Defoe's display of control keeps greater goals in sight

Tottenham Hotspur 1 - Birmingham City 0
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The Independent Football

The promise of better days coming back to White Hart Lane is not to be taken lightly in view of a massive change in playing and managerial staff. But on the journey to that brighter time there could still be a lot of familiarly tense occasions like yesterday's game which Spurs should have gripped more commandingly.

With a couple of draws and two wins already in their locker, they have given an encouraging start to their new manager, Jacques Santini, who said: "Yes, I'm very happy because we had a difficult preparation with so many new players. But September is going to be a difficult month with games against Manchester United and Chelsea.''

Among his new players is Michael Carrick, bought for £3.5m from West Ham but not ready yesterday to join his old colleagues from Upton Park Frédéric Kanouté and Jermain Defoe.

As for Birmingham, they were suffering from mass unfitness with Stan Lazaridis, Jamie Clapham and David Dunn out and Robbie Savage suffering the peril of his rugged style - suspension. In spite of that they competed strongly for supremacy in midfield. Pedro Mendes, Spurs' Portugal international, was clearly the most inventive of anyone in that area, playing astute passes from the left side and linking promisingly with Robbie Keane, who later developed into the outstanding player of the match.

Their need to play the ball forward at pace for Emile Heskey and Mikael Forssell to address was not easily fulfilled. They needed more from Jesper Gronkjaer, who too often plays beneath his potential. Yet it was Birmingham who after 30 minutes should have broken the stalemate when Forssell was only a few steps from the Spurs' goal-line yet had his shot rushed down by Noureddine Naybet.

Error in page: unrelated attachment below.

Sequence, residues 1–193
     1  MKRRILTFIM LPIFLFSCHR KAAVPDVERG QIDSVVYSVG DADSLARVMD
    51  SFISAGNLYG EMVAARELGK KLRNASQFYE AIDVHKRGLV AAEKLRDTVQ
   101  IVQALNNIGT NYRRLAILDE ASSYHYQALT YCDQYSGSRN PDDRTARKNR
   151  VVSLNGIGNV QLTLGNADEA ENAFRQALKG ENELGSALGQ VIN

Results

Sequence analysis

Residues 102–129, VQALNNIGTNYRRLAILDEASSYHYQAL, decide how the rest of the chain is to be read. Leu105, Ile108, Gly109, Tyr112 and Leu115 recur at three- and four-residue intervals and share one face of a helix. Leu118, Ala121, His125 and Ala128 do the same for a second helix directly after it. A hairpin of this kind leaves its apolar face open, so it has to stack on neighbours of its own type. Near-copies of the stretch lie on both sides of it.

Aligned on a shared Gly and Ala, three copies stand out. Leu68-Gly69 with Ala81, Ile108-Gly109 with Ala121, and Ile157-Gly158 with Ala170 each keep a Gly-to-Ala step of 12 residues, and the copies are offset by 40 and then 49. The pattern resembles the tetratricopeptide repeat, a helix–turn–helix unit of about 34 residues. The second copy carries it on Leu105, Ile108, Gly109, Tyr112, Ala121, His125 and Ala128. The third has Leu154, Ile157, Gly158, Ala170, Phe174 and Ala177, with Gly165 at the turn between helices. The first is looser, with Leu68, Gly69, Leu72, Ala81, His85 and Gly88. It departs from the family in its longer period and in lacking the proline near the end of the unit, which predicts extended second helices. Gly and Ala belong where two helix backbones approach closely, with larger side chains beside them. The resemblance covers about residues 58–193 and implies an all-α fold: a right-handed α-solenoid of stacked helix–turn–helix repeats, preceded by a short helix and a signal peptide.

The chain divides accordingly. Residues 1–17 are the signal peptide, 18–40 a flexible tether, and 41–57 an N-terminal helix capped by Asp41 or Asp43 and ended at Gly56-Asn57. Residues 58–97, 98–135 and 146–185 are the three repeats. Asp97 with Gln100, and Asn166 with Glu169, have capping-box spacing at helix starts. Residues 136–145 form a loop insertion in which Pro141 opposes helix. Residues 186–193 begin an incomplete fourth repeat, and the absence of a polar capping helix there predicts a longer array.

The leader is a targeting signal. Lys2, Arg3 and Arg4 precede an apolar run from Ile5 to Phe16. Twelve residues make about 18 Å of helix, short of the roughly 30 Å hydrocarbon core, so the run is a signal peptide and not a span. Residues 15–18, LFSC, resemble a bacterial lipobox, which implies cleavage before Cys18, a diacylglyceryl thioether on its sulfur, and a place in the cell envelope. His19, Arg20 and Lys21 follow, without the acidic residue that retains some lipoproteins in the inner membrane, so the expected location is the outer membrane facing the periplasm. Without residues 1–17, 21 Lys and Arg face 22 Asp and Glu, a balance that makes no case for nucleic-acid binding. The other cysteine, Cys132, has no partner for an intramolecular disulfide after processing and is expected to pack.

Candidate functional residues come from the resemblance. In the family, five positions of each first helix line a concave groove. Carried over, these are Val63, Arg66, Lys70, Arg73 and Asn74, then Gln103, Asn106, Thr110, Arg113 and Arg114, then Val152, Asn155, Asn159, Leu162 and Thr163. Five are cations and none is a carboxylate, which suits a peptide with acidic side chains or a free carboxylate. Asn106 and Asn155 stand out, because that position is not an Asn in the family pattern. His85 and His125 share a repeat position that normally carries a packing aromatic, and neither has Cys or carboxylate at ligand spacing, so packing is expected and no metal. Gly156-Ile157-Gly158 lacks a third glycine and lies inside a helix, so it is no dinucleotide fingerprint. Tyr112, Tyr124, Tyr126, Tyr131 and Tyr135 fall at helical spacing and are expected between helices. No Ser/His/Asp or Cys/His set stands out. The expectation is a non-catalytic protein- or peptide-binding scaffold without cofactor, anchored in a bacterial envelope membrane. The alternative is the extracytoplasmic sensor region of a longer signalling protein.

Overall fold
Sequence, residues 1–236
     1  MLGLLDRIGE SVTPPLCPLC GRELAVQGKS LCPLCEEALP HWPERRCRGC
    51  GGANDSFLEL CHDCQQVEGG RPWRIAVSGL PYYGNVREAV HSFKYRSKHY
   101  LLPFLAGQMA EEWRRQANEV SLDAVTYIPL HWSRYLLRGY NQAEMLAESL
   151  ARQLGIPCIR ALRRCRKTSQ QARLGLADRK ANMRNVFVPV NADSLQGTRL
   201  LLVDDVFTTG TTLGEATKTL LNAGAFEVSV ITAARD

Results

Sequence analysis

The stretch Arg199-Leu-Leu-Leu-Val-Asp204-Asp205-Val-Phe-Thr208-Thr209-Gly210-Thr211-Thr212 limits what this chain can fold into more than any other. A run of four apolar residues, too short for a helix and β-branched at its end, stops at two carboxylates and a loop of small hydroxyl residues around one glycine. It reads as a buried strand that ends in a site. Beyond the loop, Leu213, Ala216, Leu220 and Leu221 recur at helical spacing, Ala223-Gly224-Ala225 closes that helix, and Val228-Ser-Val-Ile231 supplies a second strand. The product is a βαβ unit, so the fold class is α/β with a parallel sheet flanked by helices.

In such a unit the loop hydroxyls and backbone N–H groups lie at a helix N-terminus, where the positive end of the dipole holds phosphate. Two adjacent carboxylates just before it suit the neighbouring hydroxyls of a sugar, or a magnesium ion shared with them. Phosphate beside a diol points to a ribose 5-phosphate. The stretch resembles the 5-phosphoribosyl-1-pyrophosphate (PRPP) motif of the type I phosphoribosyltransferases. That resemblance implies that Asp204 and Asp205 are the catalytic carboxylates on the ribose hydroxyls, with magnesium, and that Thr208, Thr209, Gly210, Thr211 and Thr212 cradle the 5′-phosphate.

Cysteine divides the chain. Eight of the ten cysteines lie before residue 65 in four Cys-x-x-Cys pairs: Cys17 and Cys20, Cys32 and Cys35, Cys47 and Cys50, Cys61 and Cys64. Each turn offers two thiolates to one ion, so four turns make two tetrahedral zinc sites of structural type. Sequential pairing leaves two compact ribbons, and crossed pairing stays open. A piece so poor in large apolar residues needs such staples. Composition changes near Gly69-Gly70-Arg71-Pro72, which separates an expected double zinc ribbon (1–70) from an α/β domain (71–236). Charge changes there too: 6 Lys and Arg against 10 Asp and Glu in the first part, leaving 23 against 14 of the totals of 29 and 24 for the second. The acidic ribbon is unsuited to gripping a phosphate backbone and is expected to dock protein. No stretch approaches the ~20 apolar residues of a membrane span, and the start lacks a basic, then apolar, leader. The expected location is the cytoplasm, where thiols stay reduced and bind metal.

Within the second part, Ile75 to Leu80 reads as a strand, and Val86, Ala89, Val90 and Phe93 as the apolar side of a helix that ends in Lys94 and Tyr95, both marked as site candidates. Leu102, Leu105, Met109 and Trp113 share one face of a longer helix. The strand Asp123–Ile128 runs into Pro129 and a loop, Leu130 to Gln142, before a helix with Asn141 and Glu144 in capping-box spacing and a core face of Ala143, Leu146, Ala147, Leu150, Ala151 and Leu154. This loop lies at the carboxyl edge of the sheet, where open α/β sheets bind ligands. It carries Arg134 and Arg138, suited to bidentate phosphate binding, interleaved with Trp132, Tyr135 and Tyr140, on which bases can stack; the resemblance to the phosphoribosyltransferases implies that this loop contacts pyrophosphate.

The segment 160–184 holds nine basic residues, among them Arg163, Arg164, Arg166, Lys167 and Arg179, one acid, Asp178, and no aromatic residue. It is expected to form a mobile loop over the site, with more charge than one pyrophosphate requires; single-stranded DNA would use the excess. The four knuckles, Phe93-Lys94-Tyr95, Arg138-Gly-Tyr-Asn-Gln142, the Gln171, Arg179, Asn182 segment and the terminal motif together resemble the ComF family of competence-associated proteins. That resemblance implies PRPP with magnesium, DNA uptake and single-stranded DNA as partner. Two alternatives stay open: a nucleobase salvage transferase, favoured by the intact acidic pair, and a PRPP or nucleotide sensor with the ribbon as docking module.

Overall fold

Until that stage little had been seen of the fragile Spurs' striker Defoe. However his talent is his elusiveness. That was deployed superbly in the 35th minute when he controlled a pass from Michael Brown, deceived Matthew Upson and drove in a fine goal.

There was an impression that Savage's absence was costing Birmingham the ability to break down attacks in their infancy. So Spurs grew in confidence and gave the indication that they could take a proper hold. Turning that into reality proved difficult but Keane gradually became the dominant force.

Birmingham clung on without increasing their scoring chances and must have been relieved to see Keane (who had not been 100 per cent fit) replaced by Kanouté, who joined Defoe to re-form the Spurs' attack.

The haphazard way that Birmingham struck what shots they had further condemned them to frustration but Spurs were not exactly safe. Their new manager showed great concern on the touchline as his team stuttered and even survived a late Birmingham penalty appeal when goalkeeper Paul Robinson rushed into Heskey, who fell dramatically. Steve Bruce, the City manager, had no complaints about the referee's decision but added: "We feel hard done by, not by that, but because of our missed chances.''

Although Santini said all the right things about what is obviously a fulfilling first few weeks in England, he may well discover that many Spurs' supporters are a fickle band, not easily satisfied. Their annoyance at the way in which the match against a clearly weakened team still caused huge problems will be stored in their memories. Santini will quickly need to satisfy them both with continued success and, as importantly, with style.